Of course, not all conflict is good. When violence emerges, people get hurt – sometimes very badly. This makes it important to distinguish between conflict and violence, and recognize they are not the same thing.

  • Violence is a symptomatic behavior arising from deeper systemic issues. Conflict provides opportunities for growth and resolution.

In our world, violence is often portrayed as the only way to resolve a conflict. This is not true! There are many other ways to handle conflict peacefully. We need to learn these skills to live together in harmony.

The media often glorifies violence. It is more important than ever for us to embrace the positive aspects of conflict and see it as a tool for learning and development.

With this understanding, we use conflict constructively instead of destructively.

Gain Momentum with Conflict Resolution Skills for Teens

Conflict drives movement, positive or negative.

Identifying and addressing the areas of conflict in our lives, then using the conflict constructively to find solutions, improves relationships and lives. By accomplishing this, the mental, emotional, and physical health of those involved in the conflict improves.

Understanding the healthy functioning of conflict helps teens handle the painful, negative emotions, and dynamics of conflict in their lives.

Thus, conflict is an essential element of change.

How one goes about pulling these elements out of the conflict is, in fact, the real purpose of conflict resolution strategies. 

Help Teens Build Context in Conflict

The term conflict is used in many contexts. The following are examples of different types of conflict.

  • Interpersonal conflict. Interpersonal conflict takes place between two individuals. For example, between employees at work or between a parent and a child.
  • Group conflict. Conflict occurs between two or more individuals who share a common interest. Families, sports teams, or club memberships are examples of group conflict.

Teach Teens the Source of Conflict Situations

There is always common ground beneath every conflict we experience.

This is because shared interests and needs create a foundation for relationships. These shared interests and needs lead to conflict when they are not met.

In other words, conflict arises from a lack of communication in relationships. This is seen in family systems, school systems, and societal systems.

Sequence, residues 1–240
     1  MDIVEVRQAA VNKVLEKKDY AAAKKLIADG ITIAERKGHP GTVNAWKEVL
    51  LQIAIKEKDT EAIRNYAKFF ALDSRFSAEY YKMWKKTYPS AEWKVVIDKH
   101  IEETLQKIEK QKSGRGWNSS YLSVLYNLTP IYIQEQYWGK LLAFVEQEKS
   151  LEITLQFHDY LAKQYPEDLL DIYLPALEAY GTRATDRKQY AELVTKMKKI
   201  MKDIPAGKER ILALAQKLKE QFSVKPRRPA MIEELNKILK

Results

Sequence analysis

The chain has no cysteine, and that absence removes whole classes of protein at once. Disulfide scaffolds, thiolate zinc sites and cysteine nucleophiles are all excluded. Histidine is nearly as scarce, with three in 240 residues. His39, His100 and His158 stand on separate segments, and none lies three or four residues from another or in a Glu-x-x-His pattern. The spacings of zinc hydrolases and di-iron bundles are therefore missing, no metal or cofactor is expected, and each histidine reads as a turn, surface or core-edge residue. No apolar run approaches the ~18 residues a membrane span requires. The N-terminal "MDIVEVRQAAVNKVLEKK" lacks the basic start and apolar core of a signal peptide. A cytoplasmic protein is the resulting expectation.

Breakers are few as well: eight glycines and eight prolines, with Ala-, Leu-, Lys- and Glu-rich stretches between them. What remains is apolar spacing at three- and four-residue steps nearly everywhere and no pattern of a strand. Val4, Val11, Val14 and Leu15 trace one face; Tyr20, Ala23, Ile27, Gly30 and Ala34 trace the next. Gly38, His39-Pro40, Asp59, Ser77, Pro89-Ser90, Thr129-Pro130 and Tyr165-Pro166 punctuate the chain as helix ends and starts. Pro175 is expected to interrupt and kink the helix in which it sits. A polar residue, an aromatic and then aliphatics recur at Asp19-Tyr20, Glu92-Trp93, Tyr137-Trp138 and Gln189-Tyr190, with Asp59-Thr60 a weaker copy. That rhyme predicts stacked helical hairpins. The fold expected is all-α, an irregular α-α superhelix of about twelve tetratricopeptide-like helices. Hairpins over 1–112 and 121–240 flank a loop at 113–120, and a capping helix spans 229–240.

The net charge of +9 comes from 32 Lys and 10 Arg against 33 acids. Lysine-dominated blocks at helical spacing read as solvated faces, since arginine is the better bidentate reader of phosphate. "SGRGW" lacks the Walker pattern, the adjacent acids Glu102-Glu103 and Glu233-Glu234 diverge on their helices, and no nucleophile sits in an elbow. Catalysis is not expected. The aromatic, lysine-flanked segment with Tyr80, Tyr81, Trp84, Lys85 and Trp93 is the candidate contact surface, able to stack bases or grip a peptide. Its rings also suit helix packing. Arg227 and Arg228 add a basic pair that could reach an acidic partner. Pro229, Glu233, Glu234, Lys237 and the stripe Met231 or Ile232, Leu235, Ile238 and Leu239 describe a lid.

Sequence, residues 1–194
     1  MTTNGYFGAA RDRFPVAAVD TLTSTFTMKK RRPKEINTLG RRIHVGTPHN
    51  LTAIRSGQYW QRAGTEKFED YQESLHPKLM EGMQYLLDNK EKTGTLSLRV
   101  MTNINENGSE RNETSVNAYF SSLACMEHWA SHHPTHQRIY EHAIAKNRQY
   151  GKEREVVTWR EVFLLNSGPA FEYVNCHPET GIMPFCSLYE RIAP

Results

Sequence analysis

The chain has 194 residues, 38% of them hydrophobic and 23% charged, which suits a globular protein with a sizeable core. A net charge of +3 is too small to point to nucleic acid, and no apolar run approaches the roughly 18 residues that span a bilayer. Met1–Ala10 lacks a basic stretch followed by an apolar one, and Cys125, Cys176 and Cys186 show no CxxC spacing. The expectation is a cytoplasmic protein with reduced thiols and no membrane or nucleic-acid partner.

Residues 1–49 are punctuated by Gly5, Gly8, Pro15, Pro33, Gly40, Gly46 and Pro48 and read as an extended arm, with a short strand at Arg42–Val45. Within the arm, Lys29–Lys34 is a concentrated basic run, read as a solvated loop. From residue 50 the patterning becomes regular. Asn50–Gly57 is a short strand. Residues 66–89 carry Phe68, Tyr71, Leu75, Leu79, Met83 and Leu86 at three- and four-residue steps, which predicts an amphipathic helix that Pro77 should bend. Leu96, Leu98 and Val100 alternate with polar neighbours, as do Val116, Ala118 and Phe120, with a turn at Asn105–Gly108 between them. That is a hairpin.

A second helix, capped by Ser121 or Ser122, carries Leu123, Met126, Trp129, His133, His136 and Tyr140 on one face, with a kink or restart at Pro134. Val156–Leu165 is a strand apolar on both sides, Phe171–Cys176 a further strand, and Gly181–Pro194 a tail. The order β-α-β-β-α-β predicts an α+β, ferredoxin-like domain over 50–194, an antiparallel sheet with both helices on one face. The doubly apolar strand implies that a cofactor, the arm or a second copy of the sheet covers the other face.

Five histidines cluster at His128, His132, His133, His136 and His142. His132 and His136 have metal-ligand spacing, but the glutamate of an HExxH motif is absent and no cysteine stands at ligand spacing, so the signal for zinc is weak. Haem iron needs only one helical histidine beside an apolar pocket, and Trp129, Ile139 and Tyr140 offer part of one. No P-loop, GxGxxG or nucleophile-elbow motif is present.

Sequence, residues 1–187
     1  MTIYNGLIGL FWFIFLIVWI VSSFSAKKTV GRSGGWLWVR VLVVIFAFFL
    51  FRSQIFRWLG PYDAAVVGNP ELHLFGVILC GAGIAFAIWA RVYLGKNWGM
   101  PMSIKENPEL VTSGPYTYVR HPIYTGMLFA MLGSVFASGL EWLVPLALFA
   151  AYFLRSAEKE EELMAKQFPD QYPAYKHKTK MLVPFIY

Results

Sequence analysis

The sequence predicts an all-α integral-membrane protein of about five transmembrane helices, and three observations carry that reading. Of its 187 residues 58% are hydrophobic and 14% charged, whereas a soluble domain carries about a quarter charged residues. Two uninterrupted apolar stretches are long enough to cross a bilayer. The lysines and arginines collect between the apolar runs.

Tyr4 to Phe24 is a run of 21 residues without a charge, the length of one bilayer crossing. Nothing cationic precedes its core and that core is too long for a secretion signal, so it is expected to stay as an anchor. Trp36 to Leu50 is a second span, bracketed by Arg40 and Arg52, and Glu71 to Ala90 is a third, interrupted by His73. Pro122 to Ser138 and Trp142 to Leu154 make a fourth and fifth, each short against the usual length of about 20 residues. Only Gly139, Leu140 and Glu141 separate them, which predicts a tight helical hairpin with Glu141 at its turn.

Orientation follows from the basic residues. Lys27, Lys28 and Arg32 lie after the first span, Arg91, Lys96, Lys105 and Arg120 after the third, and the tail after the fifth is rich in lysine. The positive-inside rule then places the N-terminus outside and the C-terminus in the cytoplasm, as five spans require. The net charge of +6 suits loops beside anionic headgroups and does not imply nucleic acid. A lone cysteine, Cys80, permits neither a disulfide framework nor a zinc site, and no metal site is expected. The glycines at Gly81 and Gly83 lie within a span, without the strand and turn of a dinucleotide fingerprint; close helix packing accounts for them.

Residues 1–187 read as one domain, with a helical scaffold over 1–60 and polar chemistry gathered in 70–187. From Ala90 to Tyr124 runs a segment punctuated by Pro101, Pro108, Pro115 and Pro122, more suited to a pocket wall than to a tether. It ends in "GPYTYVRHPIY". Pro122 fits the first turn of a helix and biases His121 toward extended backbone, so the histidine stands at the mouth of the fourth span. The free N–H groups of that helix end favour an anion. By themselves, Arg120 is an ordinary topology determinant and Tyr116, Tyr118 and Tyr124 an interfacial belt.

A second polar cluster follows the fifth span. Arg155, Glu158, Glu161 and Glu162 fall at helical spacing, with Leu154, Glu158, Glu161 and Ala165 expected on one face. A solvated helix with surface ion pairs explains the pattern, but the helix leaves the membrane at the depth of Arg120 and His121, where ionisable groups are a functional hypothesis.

The interpersonal, relational factor is what creates the intensity of the conflict and generates deep feelings from the parties involved. In these cases, finding common ground is essential to conflict resolution.

The intensity of the conflict that generates strong emotions from the parties involved is addressed and managed effectively from the common ground.

Teens experiencing big emotions, feeling isolated, and acting out must develop conflict resolution skills to learn about their experiences.

Help Teens See Conflict Differently

Conflict situations must be seen in a different light.

It takes two parties to conflict and what comes out with compromise and differences allows us to find common ground.

A healthy family system needs conflict to work. Families that function without conflict are either dealing with a great deal of overt and covert hostility or trying very hard to be “perfect”.

Conflict provides a chance to resolve differences, make changes, and move on. This is not to say we should become complacent about conflict, but we should view it as a necessary step in a positive direction.

I can’t change the direction of the wind, but I can adjust my sails to always reach my destination.

Jimmy Dean

Life is always in change, so conflicts are inevitable, but this does not mean that all conflicts are bad, negative experiences.

Helping teens see conflict in a different light teaches them they are not flawed or wrong. It shows them the difference between their behaviors and their worthiness.

Teach Teens to Demystify Conflict

Conflict happens for a reason and provides opportunities for learning and growth.

  • Conflict gives us the chance to assess where we are and where we want to go next. It also helps us find out what is important to us and what we value.